Cataplexy is a frustrating complication of narcolepsy. It affects about 60 to 70 percent of people who have the sleep disorder, and it can interfere dramatically with school, work, and daily life. If you or someone you love has cataplexy, you are likely to have many questions about the condition. Here are the answers to some of the questions people frequently have about cataplexy.
What is cataplexy?
Cataplexy is a condition that causes sudden loss of muscle strength or paralysis. When sufferers experience it, their knees may buckle, causing them to fall to the floor, or they may become unable to move. During a cataplectic attack, the person suffering from the condition will remain awake and aware but be unable to control his or her muscle tone or movement. These episodes are caused by the brain’s inability to manage sleep and wake cycles in people with narcolepsy. Often, people fall asleep after experiencing an episode of cataplexy.
Are there any triggers for cataplexy?
Most people have episodes after experiencing strong emotions. The emotions can be positive or negative, from excitement or laughter to disappointment and crying. The number of episodes that people with narcolepsy experience varies greatly. Most people eventually learn their own triggers and try to avoid them as much as possible.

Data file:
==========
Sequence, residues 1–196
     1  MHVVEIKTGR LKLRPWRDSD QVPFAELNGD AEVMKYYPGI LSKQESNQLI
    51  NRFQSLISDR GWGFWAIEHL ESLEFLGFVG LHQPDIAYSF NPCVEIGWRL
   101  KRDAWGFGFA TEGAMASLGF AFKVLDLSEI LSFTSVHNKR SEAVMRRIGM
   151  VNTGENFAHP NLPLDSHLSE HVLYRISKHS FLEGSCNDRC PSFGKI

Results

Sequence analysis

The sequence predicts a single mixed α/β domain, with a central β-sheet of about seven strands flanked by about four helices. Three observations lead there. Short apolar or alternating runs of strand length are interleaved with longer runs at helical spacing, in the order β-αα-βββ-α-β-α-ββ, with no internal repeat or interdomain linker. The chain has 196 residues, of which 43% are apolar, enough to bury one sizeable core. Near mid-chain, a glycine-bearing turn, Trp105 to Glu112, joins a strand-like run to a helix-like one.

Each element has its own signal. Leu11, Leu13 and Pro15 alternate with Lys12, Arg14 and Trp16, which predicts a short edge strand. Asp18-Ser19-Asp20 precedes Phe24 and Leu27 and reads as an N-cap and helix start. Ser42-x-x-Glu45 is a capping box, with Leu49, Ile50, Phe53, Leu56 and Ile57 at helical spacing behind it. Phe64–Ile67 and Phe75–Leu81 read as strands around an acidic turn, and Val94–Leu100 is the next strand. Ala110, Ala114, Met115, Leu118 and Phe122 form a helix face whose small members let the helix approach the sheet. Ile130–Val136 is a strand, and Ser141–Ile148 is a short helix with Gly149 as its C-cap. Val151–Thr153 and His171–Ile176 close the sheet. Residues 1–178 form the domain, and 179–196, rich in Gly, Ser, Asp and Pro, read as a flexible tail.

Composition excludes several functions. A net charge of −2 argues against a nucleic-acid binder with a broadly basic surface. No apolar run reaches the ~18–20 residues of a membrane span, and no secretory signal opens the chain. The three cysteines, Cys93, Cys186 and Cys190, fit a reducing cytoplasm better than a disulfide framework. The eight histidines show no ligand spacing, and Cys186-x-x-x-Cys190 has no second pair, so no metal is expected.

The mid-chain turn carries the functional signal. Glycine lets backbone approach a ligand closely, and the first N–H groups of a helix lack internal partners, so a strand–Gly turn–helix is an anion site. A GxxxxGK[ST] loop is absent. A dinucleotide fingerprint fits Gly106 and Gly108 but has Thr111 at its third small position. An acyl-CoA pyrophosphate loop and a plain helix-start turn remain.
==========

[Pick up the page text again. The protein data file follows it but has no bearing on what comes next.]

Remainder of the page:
What treatments are available for cataplexy?
There are several medications that can help people with cataplexy control their symptoms, including tricyclic antidepressants and serotonin reuptake inhibitors. Because these medications have side effects, it’s helpful to work with a sleep medicine specialist with experience in treating narcolepsy to find the right balance of symptom relief and side effect management. Treatment is usually only recommended with cataplexy episodes if they are frequent and disruptive.